Another year, another day of celebration – International Women’s Day 2014. I have often found it a liberating and significant day. Last year, I “womaned” a stall in Tavira library, so that women, could spend a moment to acknowledge and remember, a woman, a sister, a mother, a teacher, a friend, any woman, who made us more than we have made ourselves. Women were invited to write on cards and put them on a tree. By the end of the day the tree was full of purple, green and white cards, tied with ribbons.
This year, I spent some time pondering about how to celebrate – fabulous women. I thought about some of my friends, the ones I knew growing up in the 1960’s and 70’s. Where are they now? Have they had happy lives? Have their children been to University? Simple enough questions, but probably not ones that I can answer. Being raised as a Jehovah’s Witness, has its implications – call it consequences. When you leave that faith, you are shunned by family and friends. So, I do not know what lives my friends have had. We do not share childhood memories. We do not share photos of our children.
In the years, since I left, in 1982, I have found new friends, ones who share emotions, loves, hard won battles, easy days and slow fun nights. I thought about celebrating those moments.
But this year, I have written an article about and for women who are not yet free to have those easy days. I have written about misinformation and indoctrination. I have written about a woman called Marilyn and her brother Richard. I hope you will read it and share.
It can be found on the AAWA.CO website. I am also posting it here. Thank you for posting the AAWA link to your Facebook wall and for sending it to your Twitter friends. We all need friends!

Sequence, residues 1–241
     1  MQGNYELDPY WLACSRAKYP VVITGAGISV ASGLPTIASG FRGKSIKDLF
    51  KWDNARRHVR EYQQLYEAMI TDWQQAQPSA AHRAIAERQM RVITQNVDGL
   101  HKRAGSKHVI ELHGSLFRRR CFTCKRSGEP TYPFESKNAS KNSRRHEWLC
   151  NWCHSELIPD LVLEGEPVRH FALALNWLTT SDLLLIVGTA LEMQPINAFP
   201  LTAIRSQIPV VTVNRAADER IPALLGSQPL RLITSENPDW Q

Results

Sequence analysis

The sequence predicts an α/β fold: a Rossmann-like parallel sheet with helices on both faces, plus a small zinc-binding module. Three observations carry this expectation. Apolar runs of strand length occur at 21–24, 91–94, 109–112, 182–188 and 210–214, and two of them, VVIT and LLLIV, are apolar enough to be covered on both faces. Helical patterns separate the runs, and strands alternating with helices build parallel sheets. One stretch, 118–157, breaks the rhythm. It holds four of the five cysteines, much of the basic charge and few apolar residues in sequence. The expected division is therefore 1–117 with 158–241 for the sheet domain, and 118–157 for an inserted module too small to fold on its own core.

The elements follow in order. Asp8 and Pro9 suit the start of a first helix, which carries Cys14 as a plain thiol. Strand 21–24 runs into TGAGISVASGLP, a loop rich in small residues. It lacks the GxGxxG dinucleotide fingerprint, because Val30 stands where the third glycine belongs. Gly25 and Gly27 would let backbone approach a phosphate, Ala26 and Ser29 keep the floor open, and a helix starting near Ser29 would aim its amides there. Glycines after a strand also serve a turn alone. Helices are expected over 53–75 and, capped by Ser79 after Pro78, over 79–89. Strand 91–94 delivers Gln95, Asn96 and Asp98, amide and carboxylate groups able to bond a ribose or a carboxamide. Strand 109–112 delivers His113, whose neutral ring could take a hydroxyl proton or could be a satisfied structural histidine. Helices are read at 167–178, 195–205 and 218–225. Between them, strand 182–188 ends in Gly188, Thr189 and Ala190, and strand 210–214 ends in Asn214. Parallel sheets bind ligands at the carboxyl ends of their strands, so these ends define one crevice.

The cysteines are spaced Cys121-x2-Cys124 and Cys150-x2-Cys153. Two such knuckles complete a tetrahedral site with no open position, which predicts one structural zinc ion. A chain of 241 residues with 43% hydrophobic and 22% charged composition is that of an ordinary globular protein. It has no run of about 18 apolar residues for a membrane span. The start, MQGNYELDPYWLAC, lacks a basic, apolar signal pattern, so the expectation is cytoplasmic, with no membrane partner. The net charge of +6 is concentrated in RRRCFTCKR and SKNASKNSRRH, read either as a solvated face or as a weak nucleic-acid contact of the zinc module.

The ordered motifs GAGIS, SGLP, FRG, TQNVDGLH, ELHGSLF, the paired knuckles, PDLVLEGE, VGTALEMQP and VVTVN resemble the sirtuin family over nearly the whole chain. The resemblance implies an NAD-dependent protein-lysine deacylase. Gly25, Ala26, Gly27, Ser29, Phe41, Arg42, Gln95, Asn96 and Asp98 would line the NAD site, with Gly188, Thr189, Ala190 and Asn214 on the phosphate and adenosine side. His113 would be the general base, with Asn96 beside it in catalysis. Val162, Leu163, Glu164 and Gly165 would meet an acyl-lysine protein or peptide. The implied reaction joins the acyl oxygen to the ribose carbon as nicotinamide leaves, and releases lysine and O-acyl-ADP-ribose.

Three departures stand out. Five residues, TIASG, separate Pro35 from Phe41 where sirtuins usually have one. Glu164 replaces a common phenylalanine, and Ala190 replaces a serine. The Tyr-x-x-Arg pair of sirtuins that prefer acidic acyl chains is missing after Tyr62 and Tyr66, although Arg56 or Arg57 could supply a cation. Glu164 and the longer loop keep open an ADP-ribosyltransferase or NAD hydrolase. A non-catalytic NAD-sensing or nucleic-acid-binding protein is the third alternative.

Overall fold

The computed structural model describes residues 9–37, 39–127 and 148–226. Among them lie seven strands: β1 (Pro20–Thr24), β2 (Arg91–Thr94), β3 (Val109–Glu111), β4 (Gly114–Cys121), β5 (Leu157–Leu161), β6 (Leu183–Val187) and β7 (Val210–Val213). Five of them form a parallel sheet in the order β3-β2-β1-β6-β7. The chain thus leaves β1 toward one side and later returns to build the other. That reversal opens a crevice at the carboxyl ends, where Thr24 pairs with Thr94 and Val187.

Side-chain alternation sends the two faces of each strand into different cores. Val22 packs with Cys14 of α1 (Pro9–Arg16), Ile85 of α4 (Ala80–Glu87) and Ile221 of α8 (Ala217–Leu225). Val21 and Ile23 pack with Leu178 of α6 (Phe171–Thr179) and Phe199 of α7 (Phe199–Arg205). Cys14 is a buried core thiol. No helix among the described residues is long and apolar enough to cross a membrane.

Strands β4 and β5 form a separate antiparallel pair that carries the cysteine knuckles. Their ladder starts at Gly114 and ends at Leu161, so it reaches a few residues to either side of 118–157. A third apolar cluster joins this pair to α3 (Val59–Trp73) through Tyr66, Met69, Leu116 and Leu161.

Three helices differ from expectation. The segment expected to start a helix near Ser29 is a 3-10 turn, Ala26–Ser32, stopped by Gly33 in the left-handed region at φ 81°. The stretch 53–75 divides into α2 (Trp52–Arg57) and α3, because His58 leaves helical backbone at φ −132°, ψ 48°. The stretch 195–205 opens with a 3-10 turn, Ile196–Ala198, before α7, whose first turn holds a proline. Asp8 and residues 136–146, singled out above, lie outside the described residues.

Women Have the Power to Change the Course of Their Lives
For now I will “rest my case.” But it seems to me that far too many JW women, by their often unconscious choices, allow themselves to have their power taken from them because of misinformation and bad advice from the Watch Tower Society – recommendations made against and in sharp contrast to good, healthy advice from professionals.
PsychCentral offers some good advice about shaping healthy relationships:
“If you’re always on the giving end in the relationship; if you’ve accepted indifference, abuse, or manipulation because you don’t believe you deserve or can get better, it’s time to take charge of your life and to make some changes. If your guy will agree, try out couple’s therapy. Couples can and do change with commitment to the process and love for each other. If your boyfriend won’t join you in the project, get some therapy for yourself. Build your self-esteem, develop the skills you need to be successful in the world, and increase your confidence. A stronger you will help you find the loving relationship you deserve.”2
Women can enjoy mentally healthy lives by educating themselves and doing what women have always done: sharing their stories. We can stop the abuse by raising young men who value women as equals. There is hope and guidance available for both genders, as modern experts in the field of mental health like Margaret Singer and Steven Hassan3 have created models to increase understanding about abusive relationships and unethical mind control. Their useful and well-researched information – along with the help of qualified therapists – can definitely debunk any and all Watchtower misinformation.